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Mouth mask
Mouth mask
Date:
A.D. 300–700
Location:
Not on display
Century:
Media:
Gold With Cinnabar
Dimensions:
8 x 9 (20.3 x 22.9 cm)
Object Type:
Country:
Continent:
South America
Culture/People:
Nasca Culture
Accession Number:
1992.33
Acquisition Date:
1992-04-09
Credit Line:

Museum purchase, Mrs. Paul Wattis Fund

Exhibition History:

Sacred Symbols: Musee Fabre de Monpelier 7/02-fall 02; Musee des Breaux -Arts de Rouen fall 02-winter02; Musee des Beaux-Arts de Lyon 1/03-8/03; Musee des Beaux-Arts in Rennes spring 03-fall 03; MIA 10/03-2/04.

Splendid mouthmasks or face ornaments of hammered gold were worn by Nazca nobility both during their lifetime and in burial. Such masks were actually worn encircling the mouth and eyes with the central strands fitting ingo the septum. The bottom portion covers the chin and lower face, with radiating serpent-like forms that cover the cheeks and surround the eyes.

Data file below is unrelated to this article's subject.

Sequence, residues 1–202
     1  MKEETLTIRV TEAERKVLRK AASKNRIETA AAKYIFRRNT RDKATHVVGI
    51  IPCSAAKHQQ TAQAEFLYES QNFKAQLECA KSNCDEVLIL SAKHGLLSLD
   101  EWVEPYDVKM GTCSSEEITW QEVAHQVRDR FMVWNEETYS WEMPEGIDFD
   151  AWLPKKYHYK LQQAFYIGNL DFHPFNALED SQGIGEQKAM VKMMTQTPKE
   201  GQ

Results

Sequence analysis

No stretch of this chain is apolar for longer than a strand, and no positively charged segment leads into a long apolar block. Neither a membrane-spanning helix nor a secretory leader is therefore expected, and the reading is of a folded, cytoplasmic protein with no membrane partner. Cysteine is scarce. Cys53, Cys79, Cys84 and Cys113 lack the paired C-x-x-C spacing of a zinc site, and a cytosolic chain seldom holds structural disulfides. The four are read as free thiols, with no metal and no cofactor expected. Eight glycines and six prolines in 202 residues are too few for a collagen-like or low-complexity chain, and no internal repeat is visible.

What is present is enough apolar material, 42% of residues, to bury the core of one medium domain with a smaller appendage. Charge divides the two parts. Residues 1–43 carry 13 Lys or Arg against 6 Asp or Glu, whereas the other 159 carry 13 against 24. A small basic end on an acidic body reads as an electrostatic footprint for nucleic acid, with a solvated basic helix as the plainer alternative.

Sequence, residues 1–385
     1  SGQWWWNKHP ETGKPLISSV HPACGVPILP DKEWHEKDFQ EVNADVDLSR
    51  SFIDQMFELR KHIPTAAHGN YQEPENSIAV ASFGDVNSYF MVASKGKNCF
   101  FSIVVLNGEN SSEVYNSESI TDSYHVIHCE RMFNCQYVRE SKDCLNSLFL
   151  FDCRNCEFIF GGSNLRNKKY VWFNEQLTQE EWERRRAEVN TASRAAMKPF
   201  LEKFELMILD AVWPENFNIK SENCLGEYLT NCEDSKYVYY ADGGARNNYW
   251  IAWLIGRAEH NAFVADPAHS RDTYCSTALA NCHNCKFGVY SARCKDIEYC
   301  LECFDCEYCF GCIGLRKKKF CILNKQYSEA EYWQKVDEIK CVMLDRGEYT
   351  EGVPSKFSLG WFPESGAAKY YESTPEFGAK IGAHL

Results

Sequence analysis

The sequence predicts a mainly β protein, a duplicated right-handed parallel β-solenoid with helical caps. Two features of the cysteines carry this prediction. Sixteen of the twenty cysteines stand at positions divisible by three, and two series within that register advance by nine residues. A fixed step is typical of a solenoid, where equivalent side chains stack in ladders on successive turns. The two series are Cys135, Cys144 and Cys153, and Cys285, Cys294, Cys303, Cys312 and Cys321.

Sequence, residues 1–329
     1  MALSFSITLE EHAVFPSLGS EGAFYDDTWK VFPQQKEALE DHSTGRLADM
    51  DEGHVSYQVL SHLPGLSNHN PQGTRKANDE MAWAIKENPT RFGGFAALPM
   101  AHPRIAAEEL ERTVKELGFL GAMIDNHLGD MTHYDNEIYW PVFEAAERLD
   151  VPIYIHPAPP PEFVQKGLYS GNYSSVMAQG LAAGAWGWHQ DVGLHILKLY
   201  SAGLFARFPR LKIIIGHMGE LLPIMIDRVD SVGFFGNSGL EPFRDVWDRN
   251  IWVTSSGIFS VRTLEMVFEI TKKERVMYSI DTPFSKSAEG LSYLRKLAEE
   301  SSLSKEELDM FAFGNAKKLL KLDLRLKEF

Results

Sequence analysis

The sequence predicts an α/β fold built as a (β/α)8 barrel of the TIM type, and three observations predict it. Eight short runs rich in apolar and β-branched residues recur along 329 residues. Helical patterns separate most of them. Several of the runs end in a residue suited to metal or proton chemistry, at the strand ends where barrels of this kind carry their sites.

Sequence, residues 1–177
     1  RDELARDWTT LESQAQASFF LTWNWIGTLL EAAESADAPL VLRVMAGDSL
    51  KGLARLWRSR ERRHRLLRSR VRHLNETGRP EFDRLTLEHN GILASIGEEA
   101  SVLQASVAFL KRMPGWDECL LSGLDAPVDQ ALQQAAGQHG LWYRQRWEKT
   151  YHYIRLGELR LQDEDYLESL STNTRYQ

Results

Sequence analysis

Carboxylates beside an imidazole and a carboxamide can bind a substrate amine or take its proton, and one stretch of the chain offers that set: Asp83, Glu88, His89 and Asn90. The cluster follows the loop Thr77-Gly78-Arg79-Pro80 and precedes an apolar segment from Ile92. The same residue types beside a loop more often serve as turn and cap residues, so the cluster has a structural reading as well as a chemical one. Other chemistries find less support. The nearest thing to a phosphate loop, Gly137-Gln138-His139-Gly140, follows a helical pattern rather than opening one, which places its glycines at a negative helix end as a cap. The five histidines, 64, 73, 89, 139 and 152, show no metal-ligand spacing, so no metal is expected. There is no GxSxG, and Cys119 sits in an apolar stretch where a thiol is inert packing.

One of the remarkable features of this particular mouth mask is the ritual remains of reddish cinnabar, a sacred color that would have been applied ceremonially at burial. The cinnabar, together with the smolke used from incense, has created a waxy surface coating that remains on this mask after 1,500 years.

Contemporaneous Works “Art from the same century and country”

Belt
Belt (ca. 300 BC to 100 AD)